The state has requested help from the Connecticut National Guard in the event that workers strike as planned starting at the end of this week.
More than 3,400 workers at 33 Connecticut nursing homes are ready to strike beginning Friday if demands for better wages, benefits and staffing ratios aren’t met. Union officials said Monday that 600 additional workers at another six nursing homes have voted to strike beginning May 28.
If the strike occurs, National Guard members would be in place to act as monitors for the standard of care and to support the Department of Public Health. They would not be working in place of nursing home staff.
Max Reiss, spokesperson for Gov. Ned Lamont, said the National Guard has placed a similar role in the past year during nursing home inspections.
The state is trying to negotiate an agreement to avoid a strike. On Monday state officials proposed an additional $280 million in funding for nursing homes.
Details of the proposal were sent to the Service Employees International Union’s District 1199 New England, which represents about 5,000 nursing home workers in Connecticut, and the presidents of the Connecticut Association of Health Care Facilities and LeadingAge Connecticut, which represent nursing homes and other health care facilities around the state.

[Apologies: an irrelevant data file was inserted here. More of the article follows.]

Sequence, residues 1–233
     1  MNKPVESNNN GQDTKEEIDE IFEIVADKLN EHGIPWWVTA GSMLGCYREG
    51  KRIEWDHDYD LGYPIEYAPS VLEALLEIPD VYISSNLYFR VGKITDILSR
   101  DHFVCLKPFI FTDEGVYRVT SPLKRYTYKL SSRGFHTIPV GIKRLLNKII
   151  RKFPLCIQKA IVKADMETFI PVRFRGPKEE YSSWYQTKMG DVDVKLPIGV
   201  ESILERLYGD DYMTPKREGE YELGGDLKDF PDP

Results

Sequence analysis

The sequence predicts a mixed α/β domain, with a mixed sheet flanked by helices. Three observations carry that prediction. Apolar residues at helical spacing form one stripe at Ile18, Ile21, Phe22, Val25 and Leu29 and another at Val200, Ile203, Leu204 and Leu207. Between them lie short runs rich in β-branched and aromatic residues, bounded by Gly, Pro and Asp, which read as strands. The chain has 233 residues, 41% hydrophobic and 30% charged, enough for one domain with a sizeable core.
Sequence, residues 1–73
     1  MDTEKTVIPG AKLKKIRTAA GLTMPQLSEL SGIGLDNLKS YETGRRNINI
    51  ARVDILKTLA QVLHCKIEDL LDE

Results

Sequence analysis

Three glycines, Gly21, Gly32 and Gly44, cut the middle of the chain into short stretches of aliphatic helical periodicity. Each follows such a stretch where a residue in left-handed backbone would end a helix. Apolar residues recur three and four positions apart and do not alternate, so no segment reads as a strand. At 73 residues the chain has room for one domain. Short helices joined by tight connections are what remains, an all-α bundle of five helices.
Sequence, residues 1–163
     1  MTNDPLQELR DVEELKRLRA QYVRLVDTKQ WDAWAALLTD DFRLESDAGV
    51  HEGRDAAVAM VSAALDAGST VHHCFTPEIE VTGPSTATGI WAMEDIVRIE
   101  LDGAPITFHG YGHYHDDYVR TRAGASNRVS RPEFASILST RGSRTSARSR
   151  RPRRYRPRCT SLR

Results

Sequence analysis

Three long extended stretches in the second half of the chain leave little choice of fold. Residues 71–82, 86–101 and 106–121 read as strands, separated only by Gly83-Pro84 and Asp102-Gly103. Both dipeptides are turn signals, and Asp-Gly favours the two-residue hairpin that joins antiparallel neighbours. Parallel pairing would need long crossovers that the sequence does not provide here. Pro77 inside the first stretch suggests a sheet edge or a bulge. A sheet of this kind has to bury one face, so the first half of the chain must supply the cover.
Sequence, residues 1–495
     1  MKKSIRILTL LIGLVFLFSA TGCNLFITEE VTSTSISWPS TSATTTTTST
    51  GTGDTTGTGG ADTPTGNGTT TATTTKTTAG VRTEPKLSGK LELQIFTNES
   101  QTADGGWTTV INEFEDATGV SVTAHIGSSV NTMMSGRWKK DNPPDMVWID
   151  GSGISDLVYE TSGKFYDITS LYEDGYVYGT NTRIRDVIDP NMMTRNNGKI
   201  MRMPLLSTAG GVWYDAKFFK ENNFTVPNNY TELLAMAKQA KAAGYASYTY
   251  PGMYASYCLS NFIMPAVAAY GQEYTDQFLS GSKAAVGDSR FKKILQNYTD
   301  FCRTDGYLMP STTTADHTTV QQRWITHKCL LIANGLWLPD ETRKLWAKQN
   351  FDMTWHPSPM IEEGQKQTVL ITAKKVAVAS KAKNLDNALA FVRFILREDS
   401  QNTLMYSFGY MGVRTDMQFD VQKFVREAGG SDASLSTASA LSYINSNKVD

The union and other groups have not yet responded to the proposal.
Union officials have said workers are voting to strike in record numbers, and that it is an issue that affects both how employees are treated and the standard of care in facilities.
We are negotiating our union contracts to finally rise out of poverty. But we’re also fighting to make sure that residents can regularly count on having enough staff to meet their needs,” said Rob Baril, president of District 1199 New England, SEIU in a statement Monday. “This strike is about making sure that nursing home workers and residents are treated like human beings. We want to make sure that the standards enumerated in the Long-Term Care Workers’ Bill of Rights come to fruition in Connecticut so we don’t have to go back to the way nursing homes operated before and during COVID-19."
If there are strikes, plans are in the works to bring in replacement workers.
A DPH spokesperson said Tuesday that they are still reviewing strike contingency plans, which include looking at things like staffing, security, pharmaceuticals and essential supplies. If workers do strike, DPH will do on-site monitoring at all affected facilities.